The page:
January 2021: Alexandru Maries
University of Cincinnati, Cincinnati, Ohio
- Member since 2011
- Assistant Professor
- Cincinnati, Ohio
I have been engaged in some or another form of teaching for quite a while: in high-school, I tutored several classmates in physics and taught a couple of friends to play guitar, in college I was a tutor at the school’s tutoring center for 4 years, tutored privately, and also worked for an SAT prep company. In graduate school I taught recitations, labs, and was also a grader for graduate courses. I suppose this means that going into a teaching career should have been obvious, but I did spend the first year of grad school “shopping around” and engaging with several different research groups, including working in a solid state physics lab for the first summer. In my first year of grad school, I met Chandralekha Singh who was teaching all the incoming graduate students a Teaching of Physics class, and it was through discussions with her in the summer of 2010 that I ended up deciding to engage in physics education research, and joined AAPT soon after.
I have been an AAPT member for nearly 10 years; I still remember my first summer meeting in Omaha: how exciting it was to be part of this community and how overwhelmed I was – there was so much to learn! It has been a great community from which I’ve learned a lot through workshops and talks/seminars, but to which I’ve also given back: in addition to giving talks about my research, I’ve served on the graduate education committee as both chair and vice-chair, I have organized sessions and workshops, and I have conducted my own workshop based on my research with TAs.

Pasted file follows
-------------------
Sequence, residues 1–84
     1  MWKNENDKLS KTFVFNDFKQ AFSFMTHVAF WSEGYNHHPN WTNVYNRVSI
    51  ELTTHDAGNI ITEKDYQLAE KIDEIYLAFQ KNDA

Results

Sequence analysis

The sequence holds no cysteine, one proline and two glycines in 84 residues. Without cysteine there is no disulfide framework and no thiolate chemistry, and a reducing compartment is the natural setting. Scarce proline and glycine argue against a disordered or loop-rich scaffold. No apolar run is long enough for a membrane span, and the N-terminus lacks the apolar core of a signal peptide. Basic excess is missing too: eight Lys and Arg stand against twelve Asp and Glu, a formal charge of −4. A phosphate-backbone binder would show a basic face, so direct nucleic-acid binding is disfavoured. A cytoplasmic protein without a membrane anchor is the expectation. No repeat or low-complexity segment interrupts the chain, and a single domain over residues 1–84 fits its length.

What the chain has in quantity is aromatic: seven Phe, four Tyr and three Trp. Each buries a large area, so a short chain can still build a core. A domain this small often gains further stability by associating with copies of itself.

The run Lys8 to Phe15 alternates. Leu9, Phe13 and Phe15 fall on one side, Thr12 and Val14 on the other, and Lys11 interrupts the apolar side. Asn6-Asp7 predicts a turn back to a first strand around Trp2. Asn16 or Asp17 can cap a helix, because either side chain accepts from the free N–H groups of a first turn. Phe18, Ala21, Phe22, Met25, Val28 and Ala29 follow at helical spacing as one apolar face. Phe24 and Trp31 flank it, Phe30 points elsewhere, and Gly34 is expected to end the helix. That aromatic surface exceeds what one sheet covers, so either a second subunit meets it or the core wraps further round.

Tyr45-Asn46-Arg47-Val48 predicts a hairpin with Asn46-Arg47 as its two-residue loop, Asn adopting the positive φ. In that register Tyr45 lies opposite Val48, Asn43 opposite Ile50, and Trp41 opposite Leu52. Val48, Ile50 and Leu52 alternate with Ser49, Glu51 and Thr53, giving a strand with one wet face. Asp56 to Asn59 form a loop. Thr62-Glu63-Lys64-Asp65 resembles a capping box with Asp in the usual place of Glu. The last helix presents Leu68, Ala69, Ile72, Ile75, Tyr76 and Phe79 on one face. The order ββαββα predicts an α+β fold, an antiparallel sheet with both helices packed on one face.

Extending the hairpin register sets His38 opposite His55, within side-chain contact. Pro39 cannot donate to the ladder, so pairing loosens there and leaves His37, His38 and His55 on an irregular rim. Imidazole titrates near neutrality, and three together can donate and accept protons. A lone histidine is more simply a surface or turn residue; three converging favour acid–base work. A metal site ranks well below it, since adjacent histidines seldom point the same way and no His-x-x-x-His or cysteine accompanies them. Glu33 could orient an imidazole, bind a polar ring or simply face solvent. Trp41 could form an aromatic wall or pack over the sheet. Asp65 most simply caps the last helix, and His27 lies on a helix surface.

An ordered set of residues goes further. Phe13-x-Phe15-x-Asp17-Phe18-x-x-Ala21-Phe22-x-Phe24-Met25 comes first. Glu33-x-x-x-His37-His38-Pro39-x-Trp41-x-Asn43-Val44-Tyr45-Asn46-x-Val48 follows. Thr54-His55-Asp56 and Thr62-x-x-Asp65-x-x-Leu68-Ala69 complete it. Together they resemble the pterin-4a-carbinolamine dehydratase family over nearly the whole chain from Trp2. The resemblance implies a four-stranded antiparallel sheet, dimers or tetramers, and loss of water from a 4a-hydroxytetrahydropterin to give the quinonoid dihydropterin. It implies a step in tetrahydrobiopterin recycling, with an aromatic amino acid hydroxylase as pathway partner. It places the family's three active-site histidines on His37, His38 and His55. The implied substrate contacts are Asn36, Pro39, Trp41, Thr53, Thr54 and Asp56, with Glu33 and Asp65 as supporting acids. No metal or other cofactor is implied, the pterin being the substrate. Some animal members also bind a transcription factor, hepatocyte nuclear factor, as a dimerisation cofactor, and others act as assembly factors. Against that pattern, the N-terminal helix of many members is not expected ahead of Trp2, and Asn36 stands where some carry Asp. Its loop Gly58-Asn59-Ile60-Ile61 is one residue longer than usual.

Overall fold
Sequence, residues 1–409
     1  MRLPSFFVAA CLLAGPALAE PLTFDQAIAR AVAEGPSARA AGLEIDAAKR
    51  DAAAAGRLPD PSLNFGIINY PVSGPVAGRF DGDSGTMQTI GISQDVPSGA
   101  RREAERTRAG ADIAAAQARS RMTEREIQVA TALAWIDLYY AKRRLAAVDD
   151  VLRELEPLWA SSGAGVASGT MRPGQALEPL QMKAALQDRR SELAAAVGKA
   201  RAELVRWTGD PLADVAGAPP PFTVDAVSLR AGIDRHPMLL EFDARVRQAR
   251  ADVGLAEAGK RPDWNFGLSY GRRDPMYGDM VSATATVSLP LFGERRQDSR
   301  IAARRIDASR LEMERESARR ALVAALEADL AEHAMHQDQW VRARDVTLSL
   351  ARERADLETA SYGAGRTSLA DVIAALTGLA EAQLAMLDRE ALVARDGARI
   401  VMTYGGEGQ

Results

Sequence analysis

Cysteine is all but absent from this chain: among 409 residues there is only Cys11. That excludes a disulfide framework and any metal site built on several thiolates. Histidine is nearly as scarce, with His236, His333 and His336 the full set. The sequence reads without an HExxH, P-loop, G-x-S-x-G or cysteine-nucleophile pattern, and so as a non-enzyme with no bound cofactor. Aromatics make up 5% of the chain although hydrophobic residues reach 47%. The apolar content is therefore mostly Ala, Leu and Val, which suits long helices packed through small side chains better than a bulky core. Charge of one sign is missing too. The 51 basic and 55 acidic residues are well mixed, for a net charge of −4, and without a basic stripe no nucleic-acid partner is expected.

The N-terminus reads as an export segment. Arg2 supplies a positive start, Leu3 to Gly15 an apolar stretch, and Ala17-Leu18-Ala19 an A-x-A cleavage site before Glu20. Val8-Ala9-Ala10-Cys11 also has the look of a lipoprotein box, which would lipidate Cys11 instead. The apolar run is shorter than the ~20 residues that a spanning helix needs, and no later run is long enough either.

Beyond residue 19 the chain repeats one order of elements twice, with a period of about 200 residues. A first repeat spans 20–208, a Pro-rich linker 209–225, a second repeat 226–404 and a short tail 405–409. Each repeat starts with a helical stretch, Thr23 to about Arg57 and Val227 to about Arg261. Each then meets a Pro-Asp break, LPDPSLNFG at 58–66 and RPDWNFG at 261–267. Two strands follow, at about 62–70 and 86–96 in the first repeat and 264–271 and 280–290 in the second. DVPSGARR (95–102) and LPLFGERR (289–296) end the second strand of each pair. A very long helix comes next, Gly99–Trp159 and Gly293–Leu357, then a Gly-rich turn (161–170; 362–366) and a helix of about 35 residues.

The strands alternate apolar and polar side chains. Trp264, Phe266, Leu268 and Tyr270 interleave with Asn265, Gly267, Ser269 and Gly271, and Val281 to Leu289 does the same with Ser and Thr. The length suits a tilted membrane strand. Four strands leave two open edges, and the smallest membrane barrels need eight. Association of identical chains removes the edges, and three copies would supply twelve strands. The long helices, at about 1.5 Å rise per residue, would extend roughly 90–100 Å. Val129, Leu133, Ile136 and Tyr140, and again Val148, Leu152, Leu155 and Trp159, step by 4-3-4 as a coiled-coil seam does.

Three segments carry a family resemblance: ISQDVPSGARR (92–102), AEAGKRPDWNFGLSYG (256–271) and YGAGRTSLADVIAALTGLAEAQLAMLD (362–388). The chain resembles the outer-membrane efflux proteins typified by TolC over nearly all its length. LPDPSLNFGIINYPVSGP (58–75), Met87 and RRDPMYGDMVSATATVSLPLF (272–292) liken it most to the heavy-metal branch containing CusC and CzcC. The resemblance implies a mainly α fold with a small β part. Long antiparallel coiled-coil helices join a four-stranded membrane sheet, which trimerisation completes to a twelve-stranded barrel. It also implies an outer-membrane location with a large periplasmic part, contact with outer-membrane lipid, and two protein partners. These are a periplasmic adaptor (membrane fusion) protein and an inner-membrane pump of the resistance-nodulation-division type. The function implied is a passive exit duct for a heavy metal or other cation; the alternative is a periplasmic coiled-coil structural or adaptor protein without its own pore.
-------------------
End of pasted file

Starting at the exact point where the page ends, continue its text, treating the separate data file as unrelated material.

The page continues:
Since joining AAPT, I have grown quite significantly both in my academic and in my teaching career. Throughout the years of attending AAPT meetings and reading up on physics education research, I picked up more and more strategies for teaching which have been instrumental in shaping my current teaching practice. One of my most recent adoptions has been to incorporate an activity during the first class to help improve students’ sense of social belonging, growth mindset, and general motivation to properly engage with the class. This ties directly to my favorite thing about teaching physics: helping students who are scared and anxious about physics at the beginning recognize that they are capable of doing well if they engage with productive learning strategies, guiding them to do so, and ultimately help them be successful in something they were originally scared of. This is especially important for students who are traditionally underrepresented in physics and is a key to improving diversity and inclusion. All of my efforts would have undoubtedly been much less successful without my participation in this great community, so thank you AAPT!